An investigative report on religious expression at UMB

Shira Kaminsky

In a place as diverse as UMB and a city as liberal as Boston, religion sometimes gets pushed aside. It is a topic barely mentioned by administrators or discussed outside classrooms specifically designated for it. It’s easy to imagine that the vast majority of students are not religious or active within their faith.

But there are no less than seven different clubs dedicated to religion registered at UMB. Two of them are new this year. An eighth club for Catholic students is underway. Many students complement their academic and secular lives with strong faith, spirituality and religion.

Devotion to the Divine

Naresh Jallipalli is a twenty-eight year old graduate student in applied physics.

“My father is an atheist and my mother, she has some kind of Hindu belief but I grew up atheist . . . I was an egoist. I can say I was happy, but I was ‘psycho’ happy. I never used to treat people nicely. I used to dominate people and trick people. For me, at the time, telling lies and tricking people was a game. I never hesitated to make people fools for my advantage.”

This changed about eight years ago, when a friend introduced Naresh to Vedic scriptures, an ancient collection of spiritual writings from India, one of the earliest records of religion. Unimpressed by some people in India who perform what he labels “magic tricks” and then claim to be gods or goddesses, Naresh was searching for something genuine.

“God is only one,” he said. “Maybe people call it by different names like Christ, Allah, Krishna, but God is only one… I know now how God is interacting in everyone’s lives and how he is helping each and every man and woman, so I am always grateful to him.”

Naresh is spreading his “God Consciousness,” with the Bhakti Yoga club, which is open for everyone to join through the SAGroup website. The club will host yoga and cooking classes, music therapy and lots of spiritual discussion.

Hameeda Sadiq is a twenty-year old nursing student, and a devout Muslim.

“I am the person I am because of my religion,” she said. “Islam is a way of life. It makes sense to me. Any question I have Islam answers for me. And it’s a hard religion, but it’s a very good religion. The religion and the Qur’an itself… it shows you how to live, how to deal with problems. Any source that you need or want is here. And as you read it, it never ends. It gives you so much information.”

Hameeda prays five times a day, reads in the Qur’an continuously, and tries to be a good person according to her faith. She wears modest clothes and a scarf to cover her hair, to refrain from appearing attractive to men.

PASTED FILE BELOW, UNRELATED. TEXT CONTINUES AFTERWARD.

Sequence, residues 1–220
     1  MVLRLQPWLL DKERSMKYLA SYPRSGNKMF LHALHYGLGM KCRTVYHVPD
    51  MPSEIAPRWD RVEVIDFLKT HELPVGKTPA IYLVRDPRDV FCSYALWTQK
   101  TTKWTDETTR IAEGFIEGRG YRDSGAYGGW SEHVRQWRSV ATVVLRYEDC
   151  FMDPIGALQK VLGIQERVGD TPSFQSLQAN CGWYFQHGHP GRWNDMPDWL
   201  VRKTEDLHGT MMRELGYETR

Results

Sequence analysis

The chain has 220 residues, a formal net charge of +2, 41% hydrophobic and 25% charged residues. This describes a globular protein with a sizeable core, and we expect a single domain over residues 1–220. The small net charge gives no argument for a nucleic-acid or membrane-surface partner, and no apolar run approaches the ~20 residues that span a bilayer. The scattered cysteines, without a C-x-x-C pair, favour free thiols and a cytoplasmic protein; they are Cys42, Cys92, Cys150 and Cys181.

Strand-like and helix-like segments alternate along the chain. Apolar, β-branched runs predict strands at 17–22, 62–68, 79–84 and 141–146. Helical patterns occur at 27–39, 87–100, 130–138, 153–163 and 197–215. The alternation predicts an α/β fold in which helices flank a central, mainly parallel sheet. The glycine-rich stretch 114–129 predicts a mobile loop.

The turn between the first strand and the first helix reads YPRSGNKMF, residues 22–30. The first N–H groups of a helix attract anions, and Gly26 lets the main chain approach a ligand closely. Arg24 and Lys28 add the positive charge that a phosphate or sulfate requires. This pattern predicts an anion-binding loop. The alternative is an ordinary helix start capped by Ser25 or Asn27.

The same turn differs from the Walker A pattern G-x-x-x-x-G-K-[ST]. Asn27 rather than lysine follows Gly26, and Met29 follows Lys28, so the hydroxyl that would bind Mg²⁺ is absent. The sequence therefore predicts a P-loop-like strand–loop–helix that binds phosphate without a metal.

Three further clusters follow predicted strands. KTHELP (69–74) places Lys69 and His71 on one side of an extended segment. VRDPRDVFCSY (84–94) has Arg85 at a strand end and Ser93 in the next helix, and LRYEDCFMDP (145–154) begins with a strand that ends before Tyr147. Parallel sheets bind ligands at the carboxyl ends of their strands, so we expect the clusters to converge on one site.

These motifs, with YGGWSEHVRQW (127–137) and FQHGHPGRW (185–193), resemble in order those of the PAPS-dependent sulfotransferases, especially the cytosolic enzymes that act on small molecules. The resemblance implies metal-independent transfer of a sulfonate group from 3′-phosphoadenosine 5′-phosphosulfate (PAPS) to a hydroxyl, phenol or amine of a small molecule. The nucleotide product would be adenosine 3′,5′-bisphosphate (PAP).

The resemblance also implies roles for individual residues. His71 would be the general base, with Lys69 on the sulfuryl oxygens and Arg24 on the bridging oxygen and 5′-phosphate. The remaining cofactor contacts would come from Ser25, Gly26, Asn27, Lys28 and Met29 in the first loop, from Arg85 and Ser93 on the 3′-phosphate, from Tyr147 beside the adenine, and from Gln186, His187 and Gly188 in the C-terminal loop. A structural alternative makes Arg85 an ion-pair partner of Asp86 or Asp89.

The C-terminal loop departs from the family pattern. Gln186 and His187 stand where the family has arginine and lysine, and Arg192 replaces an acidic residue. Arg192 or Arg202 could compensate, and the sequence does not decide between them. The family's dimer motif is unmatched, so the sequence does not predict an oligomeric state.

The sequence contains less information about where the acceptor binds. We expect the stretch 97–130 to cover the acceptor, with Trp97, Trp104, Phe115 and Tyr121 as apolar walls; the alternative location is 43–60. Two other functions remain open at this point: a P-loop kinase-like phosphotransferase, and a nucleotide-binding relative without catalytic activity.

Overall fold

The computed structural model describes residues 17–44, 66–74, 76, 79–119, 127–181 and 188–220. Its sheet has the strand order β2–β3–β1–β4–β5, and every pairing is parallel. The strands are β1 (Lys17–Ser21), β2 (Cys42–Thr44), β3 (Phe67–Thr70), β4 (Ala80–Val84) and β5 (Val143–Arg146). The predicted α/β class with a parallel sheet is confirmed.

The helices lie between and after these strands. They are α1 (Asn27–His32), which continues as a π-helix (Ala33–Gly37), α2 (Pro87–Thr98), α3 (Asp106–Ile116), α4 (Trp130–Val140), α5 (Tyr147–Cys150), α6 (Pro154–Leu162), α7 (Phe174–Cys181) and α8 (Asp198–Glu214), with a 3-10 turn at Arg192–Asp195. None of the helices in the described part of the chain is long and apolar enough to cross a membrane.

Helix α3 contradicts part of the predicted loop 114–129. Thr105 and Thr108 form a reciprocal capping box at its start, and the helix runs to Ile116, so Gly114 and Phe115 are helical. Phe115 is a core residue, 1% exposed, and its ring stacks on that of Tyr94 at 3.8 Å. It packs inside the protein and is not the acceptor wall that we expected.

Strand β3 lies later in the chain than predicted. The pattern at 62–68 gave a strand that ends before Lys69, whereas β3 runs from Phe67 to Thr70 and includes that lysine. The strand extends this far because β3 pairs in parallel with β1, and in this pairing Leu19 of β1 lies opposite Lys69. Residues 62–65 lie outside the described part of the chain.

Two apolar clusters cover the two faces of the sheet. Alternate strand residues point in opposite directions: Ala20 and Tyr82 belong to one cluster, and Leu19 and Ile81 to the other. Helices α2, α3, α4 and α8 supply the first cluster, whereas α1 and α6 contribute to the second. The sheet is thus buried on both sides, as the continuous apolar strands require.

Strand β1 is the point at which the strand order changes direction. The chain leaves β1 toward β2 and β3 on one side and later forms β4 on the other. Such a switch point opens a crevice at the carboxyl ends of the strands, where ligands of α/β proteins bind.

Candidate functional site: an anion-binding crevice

“It’s my own choice. I value myself, and I want only good for myself . . . If you have gold, you keep it in the bank, because if you tell everyone you have this gold, they might try to grab it,” she said.

Having emigrated from Afghanistan to the US in 2000, less than a year before the 9/11 attacks, Hameeda had to deal with some misconceptions about Muslims. Despite a few difficult experiences in the US, Hameeda has come to feel right at home at UMB.

“My people have been harassed. I had to overcome a lot . . . I am proud of myself. UMass is really diverse and I feel really comfortable being with other Muslims and people who communicate with me for who I am. There is no difference between Christians, Muslims or any other people. They’re all the same.”

Finding Meaning

Daniel is a UMB alum with a B.A. in Classical Studies. A Roman Catholic, Daniel was confirmed at the age of fourteen.

“My faith has gotten so much stronger since my confirmation, and gets stronger all the time,” Daniel said via email.

Through the study of ancient Greek and Roman cultures, Daniel gained a deeper appreciation of the structure and rituals of his religion, allowing him “to profess” his faith “not just in words but in meaning.”

Daniel loosely defines himself as a bisexual. Contrary to what some people might believe, his sexual orientation in no way contradicts his faith.

“The Roman Catholic Church considers acts of lust, and that includes fornication and homosexual acts, to be offenses against the virtue of chastity… Since this is the faith and the religion that I have chosen, I make a conscious decision not to let my sexual orientation and/or preferences come into conflict with them,” he wrote.

“If you’re committed to your faith, then through that you’ll have core values that will color your words, thoughts, and deeds in all aspects of your life, including your sexual life… My sexuality has never been something that I have considered a defining quality for me, so I see no reason to let it interfere with my faith.”